Tarkovsky hypnotized me, somewhere in the last hour of Solaris--was it ten years ago?--and I have been drawn along in almost-levitation, my toes scraping the ground, my head up and eyes open, all those years, to find myself watching The Sacrifice. I think I'm in Sweden--the voices, the cold and open rooms, the wan light; but it may be Japan--the leaning, curving trees, the horizontal-vertical simplicity of the house standing by itself on the plain. The old man with a young son hears the end of the world roar overhead, jet-propelled--and it forces him to confront da Vinci's Adoration of the Magi, buried behind glass--trapping him as well, the man whose relationship with God is "non-existent" until he finds himself inside the dull gold of the painting and has to give away everything to Something he doesn't believe in--but it's his only hope, and he crawls on the floor toward the only kind of gift that matters--the mysterious postman, his files stuffed with photos of ghosts, tells him that it isn't a gift if it isn't a sacrifice.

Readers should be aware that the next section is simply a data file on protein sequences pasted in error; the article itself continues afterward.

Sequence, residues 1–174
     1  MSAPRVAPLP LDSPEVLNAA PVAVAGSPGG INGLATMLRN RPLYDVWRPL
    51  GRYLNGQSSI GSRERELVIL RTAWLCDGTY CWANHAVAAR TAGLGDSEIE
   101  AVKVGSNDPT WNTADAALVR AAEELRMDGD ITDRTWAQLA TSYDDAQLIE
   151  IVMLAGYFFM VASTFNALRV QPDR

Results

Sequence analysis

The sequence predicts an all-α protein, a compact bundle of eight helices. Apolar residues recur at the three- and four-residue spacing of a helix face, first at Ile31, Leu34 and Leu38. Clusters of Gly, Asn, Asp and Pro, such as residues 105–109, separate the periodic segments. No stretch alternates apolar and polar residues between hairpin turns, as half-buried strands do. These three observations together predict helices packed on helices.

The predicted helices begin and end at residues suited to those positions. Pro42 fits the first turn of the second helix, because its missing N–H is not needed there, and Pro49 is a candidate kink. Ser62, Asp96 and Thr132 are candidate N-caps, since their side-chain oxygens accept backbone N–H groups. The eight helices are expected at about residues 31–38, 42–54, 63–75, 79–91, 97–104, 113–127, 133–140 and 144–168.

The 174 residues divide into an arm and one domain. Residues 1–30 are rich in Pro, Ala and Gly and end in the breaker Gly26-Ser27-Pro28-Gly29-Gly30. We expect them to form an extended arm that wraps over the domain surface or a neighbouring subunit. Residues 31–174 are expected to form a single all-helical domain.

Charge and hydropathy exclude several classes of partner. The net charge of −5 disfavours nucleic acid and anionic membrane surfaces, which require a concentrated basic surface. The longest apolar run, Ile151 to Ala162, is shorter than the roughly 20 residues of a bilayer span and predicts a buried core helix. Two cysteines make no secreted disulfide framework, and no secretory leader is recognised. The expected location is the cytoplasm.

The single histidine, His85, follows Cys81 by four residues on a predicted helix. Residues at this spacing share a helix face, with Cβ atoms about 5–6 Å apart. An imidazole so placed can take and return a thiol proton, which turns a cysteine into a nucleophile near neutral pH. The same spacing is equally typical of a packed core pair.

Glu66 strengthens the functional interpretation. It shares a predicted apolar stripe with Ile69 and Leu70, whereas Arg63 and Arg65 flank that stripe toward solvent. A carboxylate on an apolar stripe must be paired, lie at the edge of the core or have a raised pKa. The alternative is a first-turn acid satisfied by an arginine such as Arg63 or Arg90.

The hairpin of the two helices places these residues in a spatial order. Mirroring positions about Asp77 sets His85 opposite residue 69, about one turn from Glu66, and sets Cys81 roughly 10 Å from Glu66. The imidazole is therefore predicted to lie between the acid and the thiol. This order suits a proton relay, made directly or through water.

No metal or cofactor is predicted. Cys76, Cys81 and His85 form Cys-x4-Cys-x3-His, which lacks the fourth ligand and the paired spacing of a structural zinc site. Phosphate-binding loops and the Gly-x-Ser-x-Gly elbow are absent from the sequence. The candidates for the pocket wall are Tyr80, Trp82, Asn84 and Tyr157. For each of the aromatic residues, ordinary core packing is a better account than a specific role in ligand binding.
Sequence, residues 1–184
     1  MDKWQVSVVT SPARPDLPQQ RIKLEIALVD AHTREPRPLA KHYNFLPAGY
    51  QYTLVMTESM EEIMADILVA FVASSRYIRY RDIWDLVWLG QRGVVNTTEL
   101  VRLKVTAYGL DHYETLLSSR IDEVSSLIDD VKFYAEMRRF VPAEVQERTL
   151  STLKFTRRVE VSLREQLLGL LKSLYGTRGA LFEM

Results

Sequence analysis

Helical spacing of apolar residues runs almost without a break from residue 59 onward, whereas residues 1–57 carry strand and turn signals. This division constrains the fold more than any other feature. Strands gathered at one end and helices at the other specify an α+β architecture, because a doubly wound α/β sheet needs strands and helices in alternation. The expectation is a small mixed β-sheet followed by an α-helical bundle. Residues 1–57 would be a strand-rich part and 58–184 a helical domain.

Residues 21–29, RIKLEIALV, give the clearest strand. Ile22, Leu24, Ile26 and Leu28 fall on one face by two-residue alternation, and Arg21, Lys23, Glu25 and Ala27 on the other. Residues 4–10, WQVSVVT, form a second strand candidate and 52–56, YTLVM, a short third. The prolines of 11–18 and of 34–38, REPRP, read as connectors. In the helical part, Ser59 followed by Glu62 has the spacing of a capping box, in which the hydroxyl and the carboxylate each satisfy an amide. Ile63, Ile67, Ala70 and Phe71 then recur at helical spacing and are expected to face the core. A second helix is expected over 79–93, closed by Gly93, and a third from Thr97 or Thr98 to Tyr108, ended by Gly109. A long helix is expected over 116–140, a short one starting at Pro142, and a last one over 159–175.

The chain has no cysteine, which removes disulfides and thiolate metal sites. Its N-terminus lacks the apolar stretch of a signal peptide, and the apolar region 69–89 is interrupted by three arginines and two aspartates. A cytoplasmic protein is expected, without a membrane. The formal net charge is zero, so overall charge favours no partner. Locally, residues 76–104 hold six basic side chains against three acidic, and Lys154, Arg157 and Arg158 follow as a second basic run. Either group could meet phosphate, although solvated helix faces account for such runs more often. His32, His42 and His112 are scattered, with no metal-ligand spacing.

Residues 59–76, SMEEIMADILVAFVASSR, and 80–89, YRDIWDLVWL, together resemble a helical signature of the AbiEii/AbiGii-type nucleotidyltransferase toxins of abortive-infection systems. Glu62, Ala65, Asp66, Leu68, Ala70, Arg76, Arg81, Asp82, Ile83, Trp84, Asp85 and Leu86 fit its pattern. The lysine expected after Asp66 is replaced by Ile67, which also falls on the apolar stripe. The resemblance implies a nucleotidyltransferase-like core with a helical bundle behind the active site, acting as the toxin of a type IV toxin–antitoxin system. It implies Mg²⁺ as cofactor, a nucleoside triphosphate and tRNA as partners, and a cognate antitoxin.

I couldn't move: the long shots held me, my arms heavy, my chest, my torso, my legs. It wasn't terrible to be held that way--but not pleasant. I was safe, even though I watched the old man with the young son enact his own mystical reversal of Abraham and Isaac--the father, also hypnotized now by love, gives up everything; the son, left with his Japanese tree, solemnly wonders why in the beginning was the Word.
The father becomes Isaac, the one who laughs, as they take him to the loony bin, happy that he has averted the bombs and placated the witch; so he claps his hands to wake me up.